Here, inclusions are as decadent as they come: a team of chefs crafting daily tailored menus; free-flowing beverages and snacks; all-day pool butlers; daily spa treatments; personal training; childcare and babysitting services; and myriad activities including cooking classes, paddleboarding and arts and crafts for kids. Suites and communal areas are spread across multiple pavilions dotted between neat lawns and foliage and connected by wooden walkways. Capacious suites are dressed in dark wood and onyx, with plump beds, timber-clad outdoor showers and private terraces offering 270-degree vistas of the Atlantic.

The property has been designed to capitalise on views and maximise airflow: two larger communal pavilions stirred by ceiling fans feature high-pitched roofs and open walls. Each is anchored by an infinity pool and a well-stocked bar, while deep sofas and swing chairs set among pursuits like shuffleboard, pool and darts offer a front-row seat to sunset. The playground continues elsewhere, with tennis and pickleball courts, diving platforms into the ocean, a gym, spa and – perhaps the greatest discovery of all – a full-sized waterslide.

Art and soul

Like Sergio, the team at Àni are keen to connect guests with the heart and soul of the Dominican Republic, which is why its all-inclusive offering also spans an impressive selection of experiences. As well as visiting Laguna Gri Gri, we enjoy a private beach barbecue in the shade of coconut palms, and a poolside rum-tasting and cigar-rolling masterclass with local artisans. Another day, we take an early morning hike with Edison and gawp as the countryside morphs into a Garden of Eden, with trees proffering treasures galore: avocados and almonds, mangos and lychees, bananas and breadfruit, cashews and cocoa.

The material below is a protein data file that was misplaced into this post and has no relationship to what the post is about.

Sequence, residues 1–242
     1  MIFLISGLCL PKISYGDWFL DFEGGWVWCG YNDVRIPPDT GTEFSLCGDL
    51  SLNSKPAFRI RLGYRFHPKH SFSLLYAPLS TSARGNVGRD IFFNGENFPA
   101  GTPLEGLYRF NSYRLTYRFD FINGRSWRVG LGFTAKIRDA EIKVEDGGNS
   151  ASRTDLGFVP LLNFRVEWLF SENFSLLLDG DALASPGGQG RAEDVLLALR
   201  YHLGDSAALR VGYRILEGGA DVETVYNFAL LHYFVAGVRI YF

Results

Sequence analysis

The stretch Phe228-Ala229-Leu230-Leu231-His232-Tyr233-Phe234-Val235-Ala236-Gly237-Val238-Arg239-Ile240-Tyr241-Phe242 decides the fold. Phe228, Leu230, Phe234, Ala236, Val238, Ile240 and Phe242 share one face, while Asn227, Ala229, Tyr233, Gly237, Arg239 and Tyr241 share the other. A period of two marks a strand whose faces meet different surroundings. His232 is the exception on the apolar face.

But a stay at an Àni resort – there are others in Anguilla, Sri Lanka and Thailand – isn’t complete without visiting the Àni Art Academies, the driving force behind the brand’s tourism offering. The non-profit organisation was set up simultaneously with Àni Private Resorts in 2010 by Tim Reynolds, who, following a life[1]changing accident, is said to have decided to fill the world with artists, rather than fill his home with art. The academies offer a multi-year art skills education to aspiring local artists. The brand currently operates six academies and has aspirations to grow to 20. On a visit to Àni Art Academies Dominicana in Río San Juan, I meet apprentice Karla, who has been on the programme for seven months.

“You can come here and put your headphones in and zone out,” she says. “It’s like therapy.” Some of her more advanced peers have already started earning through the academy’s art exhibitions and via commissions from Àni’s resort guests, with sales going directly to the artists. Back at base, on our final night, we light lanterns and make wishes as they float over the ocean, tiny flecks of light against the yawning midnight sky. It’s not a wish I make, but a thank you – for the power of travelling, the beauty of connection, and the reminder to never judge a book – or destination – by its cover.

Not to be missed, 5 luxury hotels

Sergio Taveras, chief executive and founder of dominican republic-based boutique dmc bonvidó, shares his pick of the country’s top luxury hotels

1.      Tortuga Bay Hotel at Puntacana Resort & Club: This is the only hotel designed by Dominican fashion designer Oscar de la Renta. The 30-room property is quite special.

2.      Eden Roc Cap Cana: The only Relais & Châteaux hotel in the country, Eden Rock Cap Cana has added rooms and villas as part of a recent renovation.

3.      Amanera: Arguably home to the best views and probably a better beach than Punta Cana. It’s a fantastic property. They’re doing a really good job and the way that they’re training their team is really helping the community.

4.      Casas del XVI: Located in Santo Domingo, this hotel is our top seller. It’s a collection of former colonial houses from the 16th century restored in a very tasteful way.

5.      The Ocean Club, a Luxury Collection Resort, Costa Norte: Home to the only L’Occitane spa in the Caribbean and with great food and beverage outlets. They’ve got a restaurant by Dominican chef Inés Páez who prepares Indigenous recipes in a modern way.

Book it: Reservations start from $15,000 per night for six suites. Guests must book a minimum of five nights. aniprivateresorts.com

Erica Rich